Rideau Canal

Rideau Canal (or Waterway), 202 km long, links the Ottawa River at Ottawa with Lake Ontario at Kingston.

Upper Canada, Map
Locks on the Rideau Canal
The Rideau Canal, built to join the Ottawa River with Lake Ontario at Kingston, was one of the largest engineering projects in early Canada (watercolour by W.H. Bartlett, courtesy Library and Archives Canada/C-367).
Rideau Canal
With the Parliament Buildings in the background, Ottawa (Corel Professional Photos).
John By, engineer
Colonel By was one of Canada's greatest early engineers, building the Rideau Canal in only five summers (courtesy Library and Archives Canada/C-28531).

Rideau Canal (or Waterway), 202 km long, links the Ottawa River at Ottawa with Lake Ontario at Kingston. Conceived as the major component of an alternative route for military purposes between Montréal and Kingston, the Rideau Canal was first proposed as the War of 1812 drew to its close. Construction started (1826) according to the design, and under the direction, of Lieutenant-Colonel John By. About 50 dams were necessary to control the water levels at rapids on the Rideau and Cataraqui rivers. The 46 (originally 49) locks in use raise vessels 83 m from the Ottawa River to the portage channel at Newboro, whence vessels descend 50 m to Lake Ontario at Kingston.

The construction of the Rideau Canal - built in virgin forest with all work being done by hand - caused great hardship to its Irish labourers, many of whom died of malaria. Finished in 1832 after 5 summer working seasons, with up to 2000 men being employed by the Royal Engineers and appointed contractors, the canal ranks among the greatest early civil-engineering works of North America. Lieutenant-Colonel By located his headquarters at the junction of the Ottawa and Rideau rivers and started a small settlement, first named Bytown in his honour but renamed Ottawa in 1855.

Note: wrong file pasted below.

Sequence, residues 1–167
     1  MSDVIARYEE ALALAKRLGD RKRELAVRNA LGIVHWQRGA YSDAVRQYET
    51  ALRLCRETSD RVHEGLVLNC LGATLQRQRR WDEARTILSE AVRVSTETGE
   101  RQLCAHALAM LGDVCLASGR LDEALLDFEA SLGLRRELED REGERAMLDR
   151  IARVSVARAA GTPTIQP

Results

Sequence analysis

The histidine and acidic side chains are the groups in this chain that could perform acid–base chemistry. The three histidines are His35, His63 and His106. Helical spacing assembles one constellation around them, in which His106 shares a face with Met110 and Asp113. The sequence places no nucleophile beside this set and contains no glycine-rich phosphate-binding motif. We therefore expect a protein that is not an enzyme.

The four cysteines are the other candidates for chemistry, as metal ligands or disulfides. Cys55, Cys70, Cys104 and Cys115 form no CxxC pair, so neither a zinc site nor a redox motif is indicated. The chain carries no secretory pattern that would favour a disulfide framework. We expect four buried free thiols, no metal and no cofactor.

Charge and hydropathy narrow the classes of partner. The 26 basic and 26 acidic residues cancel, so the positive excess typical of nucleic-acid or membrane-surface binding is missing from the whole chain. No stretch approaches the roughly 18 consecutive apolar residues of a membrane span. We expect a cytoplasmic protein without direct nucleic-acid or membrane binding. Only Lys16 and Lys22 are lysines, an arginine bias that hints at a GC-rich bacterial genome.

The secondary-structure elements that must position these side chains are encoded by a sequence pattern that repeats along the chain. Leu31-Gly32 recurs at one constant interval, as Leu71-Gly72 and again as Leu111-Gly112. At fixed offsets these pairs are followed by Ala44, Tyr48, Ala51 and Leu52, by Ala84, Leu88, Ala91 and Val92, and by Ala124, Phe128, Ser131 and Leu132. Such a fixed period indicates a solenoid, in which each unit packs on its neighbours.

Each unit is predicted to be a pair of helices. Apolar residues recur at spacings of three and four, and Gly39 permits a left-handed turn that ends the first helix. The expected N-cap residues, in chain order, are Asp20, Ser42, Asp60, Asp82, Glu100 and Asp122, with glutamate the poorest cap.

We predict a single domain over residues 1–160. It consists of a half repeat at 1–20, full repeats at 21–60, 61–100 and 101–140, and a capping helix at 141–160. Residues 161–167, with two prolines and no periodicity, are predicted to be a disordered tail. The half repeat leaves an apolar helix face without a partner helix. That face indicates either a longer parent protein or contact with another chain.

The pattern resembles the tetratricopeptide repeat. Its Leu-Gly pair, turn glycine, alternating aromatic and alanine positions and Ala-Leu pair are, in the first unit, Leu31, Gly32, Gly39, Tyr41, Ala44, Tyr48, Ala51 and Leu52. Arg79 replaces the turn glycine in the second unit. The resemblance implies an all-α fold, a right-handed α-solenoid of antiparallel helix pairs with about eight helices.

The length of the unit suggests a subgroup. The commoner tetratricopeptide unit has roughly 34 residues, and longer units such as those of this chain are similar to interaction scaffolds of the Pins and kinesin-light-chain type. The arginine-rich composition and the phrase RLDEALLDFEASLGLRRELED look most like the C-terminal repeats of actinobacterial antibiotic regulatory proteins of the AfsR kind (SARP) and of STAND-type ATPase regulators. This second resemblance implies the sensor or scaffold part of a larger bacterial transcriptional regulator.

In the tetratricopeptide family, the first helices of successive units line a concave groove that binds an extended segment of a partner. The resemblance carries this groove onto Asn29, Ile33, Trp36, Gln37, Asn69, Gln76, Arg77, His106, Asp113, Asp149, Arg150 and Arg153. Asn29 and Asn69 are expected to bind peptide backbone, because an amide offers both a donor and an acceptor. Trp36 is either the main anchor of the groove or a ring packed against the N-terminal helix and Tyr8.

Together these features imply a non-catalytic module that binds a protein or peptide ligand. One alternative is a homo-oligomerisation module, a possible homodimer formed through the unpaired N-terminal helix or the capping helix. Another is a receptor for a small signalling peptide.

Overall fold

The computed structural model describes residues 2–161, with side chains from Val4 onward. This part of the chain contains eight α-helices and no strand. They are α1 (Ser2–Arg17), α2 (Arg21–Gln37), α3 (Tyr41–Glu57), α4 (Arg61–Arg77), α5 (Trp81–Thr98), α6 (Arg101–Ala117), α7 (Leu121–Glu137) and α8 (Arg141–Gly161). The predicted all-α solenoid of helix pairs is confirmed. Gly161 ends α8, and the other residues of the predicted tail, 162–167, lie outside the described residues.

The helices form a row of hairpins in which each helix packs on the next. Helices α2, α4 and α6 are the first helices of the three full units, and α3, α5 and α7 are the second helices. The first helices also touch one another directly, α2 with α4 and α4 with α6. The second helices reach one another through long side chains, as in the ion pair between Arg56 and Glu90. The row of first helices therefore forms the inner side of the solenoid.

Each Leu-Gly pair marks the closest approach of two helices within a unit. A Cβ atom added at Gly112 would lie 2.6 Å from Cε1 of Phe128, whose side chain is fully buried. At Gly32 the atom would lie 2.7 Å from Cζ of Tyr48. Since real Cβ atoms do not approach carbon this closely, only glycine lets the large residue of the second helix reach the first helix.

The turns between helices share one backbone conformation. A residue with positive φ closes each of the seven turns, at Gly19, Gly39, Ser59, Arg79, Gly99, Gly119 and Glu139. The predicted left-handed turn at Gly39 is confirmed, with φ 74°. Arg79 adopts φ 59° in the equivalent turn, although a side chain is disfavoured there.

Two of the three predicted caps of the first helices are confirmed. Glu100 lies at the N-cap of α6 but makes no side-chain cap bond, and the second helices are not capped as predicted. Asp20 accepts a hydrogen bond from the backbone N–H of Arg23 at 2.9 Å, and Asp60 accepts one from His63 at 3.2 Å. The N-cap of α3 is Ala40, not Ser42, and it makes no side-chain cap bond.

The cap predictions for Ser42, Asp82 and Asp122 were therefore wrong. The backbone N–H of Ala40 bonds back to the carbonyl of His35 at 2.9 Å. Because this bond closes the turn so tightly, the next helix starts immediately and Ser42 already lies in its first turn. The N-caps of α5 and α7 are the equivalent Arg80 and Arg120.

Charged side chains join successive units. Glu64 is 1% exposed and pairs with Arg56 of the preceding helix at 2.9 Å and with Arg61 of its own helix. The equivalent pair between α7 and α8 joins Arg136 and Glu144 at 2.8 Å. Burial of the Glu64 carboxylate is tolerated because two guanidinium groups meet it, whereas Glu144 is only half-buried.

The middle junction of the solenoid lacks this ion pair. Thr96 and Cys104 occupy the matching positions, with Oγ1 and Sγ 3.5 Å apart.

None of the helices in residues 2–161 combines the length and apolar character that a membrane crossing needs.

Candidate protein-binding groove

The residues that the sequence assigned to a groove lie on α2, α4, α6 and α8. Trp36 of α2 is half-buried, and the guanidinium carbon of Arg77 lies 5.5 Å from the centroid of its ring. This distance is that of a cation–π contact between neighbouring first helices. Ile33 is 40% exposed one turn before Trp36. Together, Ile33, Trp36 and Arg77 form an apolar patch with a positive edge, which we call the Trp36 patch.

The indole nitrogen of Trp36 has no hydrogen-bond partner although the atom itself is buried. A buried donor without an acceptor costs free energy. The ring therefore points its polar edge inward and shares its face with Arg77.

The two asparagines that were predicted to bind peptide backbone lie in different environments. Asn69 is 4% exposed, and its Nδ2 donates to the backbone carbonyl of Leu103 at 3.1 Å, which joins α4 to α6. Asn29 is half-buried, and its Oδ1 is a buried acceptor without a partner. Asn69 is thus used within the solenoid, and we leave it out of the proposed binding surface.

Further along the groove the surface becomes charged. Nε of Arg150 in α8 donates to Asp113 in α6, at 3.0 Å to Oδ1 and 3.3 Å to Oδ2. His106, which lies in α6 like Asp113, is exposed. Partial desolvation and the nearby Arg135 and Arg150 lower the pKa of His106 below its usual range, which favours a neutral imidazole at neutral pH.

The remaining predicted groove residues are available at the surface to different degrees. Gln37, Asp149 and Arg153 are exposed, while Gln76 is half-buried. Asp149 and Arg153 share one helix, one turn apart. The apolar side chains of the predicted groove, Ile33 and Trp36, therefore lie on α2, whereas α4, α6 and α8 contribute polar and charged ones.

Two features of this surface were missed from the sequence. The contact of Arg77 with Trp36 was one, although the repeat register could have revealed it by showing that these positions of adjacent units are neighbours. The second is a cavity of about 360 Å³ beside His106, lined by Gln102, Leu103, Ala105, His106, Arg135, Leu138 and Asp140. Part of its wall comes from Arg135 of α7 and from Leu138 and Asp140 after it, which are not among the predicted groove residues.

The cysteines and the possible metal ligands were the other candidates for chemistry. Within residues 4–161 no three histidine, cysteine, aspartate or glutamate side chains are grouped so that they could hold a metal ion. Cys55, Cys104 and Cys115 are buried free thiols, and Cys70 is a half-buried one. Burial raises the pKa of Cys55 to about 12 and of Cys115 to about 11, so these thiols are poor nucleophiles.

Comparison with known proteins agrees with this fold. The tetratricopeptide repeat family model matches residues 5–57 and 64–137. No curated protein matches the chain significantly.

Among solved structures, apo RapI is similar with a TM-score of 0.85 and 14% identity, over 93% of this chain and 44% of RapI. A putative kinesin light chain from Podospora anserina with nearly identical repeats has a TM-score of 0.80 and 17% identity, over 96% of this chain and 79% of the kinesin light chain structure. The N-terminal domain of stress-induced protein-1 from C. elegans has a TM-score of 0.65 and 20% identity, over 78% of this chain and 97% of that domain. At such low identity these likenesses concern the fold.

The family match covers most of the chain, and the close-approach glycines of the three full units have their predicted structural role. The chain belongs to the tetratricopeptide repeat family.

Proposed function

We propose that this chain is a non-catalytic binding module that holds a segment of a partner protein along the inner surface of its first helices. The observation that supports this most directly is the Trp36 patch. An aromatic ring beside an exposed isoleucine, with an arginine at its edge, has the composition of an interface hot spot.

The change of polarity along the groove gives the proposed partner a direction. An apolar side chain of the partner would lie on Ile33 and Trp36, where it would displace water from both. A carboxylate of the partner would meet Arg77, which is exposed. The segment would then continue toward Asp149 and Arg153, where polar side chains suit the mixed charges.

Rideau Canal
Skating on the world's longest rink, the Rideau Canal, Ottawa.
Night Rideau Canal
A reflective evening view of the Rideau canal in downtown Ottawa, Ontario, with a view of the Chateau Laurier, the Government conference Center and Quebec in the distance under the bridge. Photo taken on: November 17, 2012

Although it carried freight and passengers in small steamboats for a century, the Rideau Canal was never economically viable, and is now used entirely by pleasure craft. Most of the original locks and canal cuts are still in use, and, except for 3 hydraulic locks, all are still operated by the muscle power of lock staff cranking the distinctive "crab" winches. Its stone walls, ponds and bridges have preserved a quiet beauty along its course through the city of Ottawa, and in the wintertime it provides one of the world's most famous skating rinks. In 1926, 100 years after the beginning of the canal's construction, it was designated a national historic site. In 2000 it became part of the Canadian Heritage Rivers System. The Rideau Canal was designated as a United Nations World Heritage Site in 2007.